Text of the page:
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Is it less or more safe to login to personal accounts (email, Amazon, etc.) when using Tor, compared to not using Tor?

For example, using Tor browser, or Firefox/Chrome with Tor extensions.

What are the cons and pros?

Will my account information be recorded by the machines in Tor network that I am connecting to?

  • Seems like it kind of defeats the purpose of a secure browse like Tor if you can't access your personal accounts online, but then you gotta ask yourself when getting ready to login to a site: Is it worth it? What's it gonna cost me if my account/credentials/personals are compromised? As others have stressed,I'd use it only if it's HTTPS. And, I'd probably only use it for a few obscure email accounts I have. I wouldn't use it for anything where there's money, credit cards, etc., involved. $0.02 worth. – user15288 Dec 3 '16 at 3:48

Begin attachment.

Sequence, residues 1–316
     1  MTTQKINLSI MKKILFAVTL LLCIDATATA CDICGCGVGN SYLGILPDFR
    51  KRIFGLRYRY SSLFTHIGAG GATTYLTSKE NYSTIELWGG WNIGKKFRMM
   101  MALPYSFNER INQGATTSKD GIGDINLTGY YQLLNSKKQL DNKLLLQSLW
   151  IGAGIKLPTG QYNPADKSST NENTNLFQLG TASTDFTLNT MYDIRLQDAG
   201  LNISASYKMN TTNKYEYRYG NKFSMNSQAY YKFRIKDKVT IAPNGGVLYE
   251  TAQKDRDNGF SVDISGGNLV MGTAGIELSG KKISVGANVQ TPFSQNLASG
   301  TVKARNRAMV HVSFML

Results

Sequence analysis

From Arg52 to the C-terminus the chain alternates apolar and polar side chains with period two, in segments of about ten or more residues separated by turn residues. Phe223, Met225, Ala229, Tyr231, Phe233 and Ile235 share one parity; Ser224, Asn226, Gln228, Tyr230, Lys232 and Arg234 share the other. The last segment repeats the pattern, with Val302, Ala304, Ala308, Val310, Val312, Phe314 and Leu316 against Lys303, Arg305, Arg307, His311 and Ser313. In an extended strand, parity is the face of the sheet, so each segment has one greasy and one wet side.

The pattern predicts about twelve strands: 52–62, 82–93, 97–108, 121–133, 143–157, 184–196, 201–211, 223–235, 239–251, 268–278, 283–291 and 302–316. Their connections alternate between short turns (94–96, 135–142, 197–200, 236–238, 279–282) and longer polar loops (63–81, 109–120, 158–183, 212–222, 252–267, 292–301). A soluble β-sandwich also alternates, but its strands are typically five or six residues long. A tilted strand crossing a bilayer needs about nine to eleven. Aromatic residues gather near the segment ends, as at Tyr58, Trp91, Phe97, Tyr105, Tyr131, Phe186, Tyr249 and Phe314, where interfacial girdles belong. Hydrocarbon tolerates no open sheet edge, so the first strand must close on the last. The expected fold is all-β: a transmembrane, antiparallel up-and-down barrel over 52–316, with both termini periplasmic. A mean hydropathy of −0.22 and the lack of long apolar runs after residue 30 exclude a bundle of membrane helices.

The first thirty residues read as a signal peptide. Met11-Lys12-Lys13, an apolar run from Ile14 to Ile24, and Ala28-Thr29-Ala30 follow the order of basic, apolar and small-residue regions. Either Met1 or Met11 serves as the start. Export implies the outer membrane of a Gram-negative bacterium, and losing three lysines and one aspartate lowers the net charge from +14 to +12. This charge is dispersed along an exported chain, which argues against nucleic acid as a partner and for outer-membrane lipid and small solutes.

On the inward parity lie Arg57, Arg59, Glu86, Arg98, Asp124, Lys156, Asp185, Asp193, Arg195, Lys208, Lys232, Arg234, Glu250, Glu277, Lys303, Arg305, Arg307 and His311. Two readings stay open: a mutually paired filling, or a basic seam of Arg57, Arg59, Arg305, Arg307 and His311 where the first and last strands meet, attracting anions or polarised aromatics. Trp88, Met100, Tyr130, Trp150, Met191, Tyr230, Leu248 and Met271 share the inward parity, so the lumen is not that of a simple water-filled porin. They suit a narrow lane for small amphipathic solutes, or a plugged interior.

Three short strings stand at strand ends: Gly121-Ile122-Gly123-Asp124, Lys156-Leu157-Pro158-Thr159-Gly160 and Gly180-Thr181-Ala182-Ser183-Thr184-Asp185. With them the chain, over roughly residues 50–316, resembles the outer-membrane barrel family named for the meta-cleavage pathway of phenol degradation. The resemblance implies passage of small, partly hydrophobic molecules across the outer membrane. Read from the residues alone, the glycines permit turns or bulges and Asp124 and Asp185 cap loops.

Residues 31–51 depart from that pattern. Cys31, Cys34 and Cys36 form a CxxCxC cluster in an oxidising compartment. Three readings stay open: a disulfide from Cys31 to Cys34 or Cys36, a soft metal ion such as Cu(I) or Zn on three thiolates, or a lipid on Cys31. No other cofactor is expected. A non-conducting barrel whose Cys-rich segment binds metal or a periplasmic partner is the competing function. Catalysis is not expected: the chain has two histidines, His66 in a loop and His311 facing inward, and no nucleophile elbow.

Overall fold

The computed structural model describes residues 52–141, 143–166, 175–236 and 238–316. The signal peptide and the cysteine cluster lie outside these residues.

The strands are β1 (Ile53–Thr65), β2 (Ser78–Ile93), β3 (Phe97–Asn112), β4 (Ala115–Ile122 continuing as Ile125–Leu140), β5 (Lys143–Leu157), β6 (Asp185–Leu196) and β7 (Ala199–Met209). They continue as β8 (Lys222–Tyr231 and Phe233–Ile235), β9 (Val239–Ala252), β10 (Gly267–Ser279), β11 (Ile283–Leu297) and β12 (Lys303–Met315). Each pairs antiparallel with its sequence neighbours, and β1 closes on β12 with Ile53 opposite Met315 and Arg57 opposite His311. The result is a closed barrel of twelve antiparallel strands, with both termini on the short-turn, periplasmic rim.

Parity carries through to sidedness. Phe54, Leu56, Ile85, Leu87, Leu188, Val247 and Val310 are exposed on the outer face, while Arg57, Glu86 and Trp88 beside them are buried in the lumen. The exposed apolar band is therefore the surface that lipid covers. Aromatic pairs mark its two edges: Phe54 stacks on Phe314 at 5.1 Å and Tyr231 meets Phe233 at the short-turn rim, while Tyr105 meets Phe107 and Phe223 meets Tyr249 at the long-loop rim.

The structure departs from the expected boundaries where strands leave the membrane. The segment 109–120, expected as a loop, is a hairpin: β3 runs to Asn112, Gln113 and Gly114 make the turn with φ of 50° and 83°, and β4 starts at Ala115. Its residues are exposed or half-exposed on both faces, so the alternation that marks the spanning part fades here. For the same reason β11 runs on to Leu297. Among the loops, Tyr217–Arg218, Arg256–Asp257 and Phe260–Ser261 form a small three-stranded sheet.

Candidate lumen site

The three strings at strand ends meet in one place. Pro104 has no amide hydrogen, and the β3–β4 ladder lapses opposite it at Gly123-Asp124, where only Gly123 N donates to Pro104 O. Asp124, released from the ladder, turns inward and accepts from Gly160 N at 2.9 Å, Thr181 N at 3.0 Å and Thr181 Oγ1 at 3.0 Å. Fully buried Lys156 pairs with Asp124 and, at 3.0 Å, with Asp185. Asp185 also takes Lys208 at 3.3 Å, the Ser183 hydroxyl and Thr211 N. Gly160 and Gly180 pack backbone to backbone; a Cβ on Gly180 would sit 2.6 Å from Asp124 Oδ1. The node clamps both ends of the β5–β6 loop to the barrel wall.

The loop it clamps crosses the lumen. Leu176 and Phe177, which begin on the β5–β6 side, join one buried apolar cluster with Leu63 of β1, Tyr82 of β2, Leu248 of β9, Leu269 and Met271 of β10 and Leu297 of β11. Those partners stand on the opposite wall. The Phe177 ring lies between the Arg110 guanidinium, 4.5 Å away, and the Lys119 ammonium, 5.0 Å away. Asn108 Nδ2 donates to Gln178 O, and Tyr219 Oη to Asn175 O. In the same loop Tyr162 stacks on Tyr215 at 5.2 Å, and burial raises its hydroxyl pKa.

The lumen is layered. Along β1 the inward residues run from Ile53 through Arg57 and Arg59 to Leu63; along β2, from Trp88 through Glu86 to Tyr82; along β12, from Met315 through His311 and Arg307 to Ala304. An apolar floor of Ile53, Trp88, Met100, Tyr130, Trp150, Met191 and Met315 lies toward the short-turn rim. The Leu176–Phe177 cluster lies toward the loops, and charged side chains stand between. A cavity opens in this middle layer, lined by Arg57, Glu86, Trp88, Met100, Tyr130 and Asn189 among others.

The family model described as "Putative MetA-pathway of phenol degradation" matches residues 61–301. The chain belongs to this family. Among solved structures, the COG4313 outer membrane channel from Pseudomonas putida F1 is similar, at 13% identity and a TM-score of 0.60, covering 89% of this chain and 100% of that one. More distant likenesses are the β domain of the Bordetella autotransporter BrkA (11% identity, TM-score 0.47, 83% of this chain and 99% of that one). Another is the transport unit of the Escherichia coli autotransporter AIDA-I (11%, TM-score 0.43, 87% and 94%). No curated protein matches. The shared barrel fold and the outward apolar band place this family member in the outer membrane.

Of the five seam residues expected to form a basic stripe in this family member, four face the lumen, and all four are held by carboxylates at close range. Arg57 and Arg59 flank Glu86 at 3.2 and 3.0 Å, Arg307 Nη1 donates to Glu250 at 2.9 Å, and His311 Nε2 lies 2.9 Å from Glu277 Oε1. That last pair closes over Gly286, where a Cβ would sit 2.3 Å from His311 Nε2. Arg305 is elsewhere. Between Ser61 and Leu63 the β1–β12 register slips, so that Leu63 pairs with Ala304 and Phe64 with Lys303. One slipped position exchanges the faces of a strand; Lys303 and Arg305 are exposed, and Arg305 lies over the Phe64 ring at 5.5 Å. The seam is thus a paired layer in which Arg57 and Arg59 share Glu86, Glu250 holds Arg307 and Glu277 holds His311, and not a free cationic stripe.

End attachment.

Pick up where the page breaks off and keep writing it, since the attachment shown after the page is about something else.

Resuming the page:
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If the server you connect to does not offer SSL/TLS, the Tor exit node sees all your request data. That may include valuable information like passwords, account numbers, etc.

If you use Tor to access a site that you plan to use with valuable or personal information, make sure SSL/TLS is enabled.

Edit: See https://www.torproject.org/download/download-easy.html.en#warning for general usage advice.

  • Thanks. How can we know if SSL/TLS is enabled? – Tim Nov 17 '14 at 18:48
  • @Tim Look for https in the address bar of your browser. – ewatt Nov 18 '14 at 15:35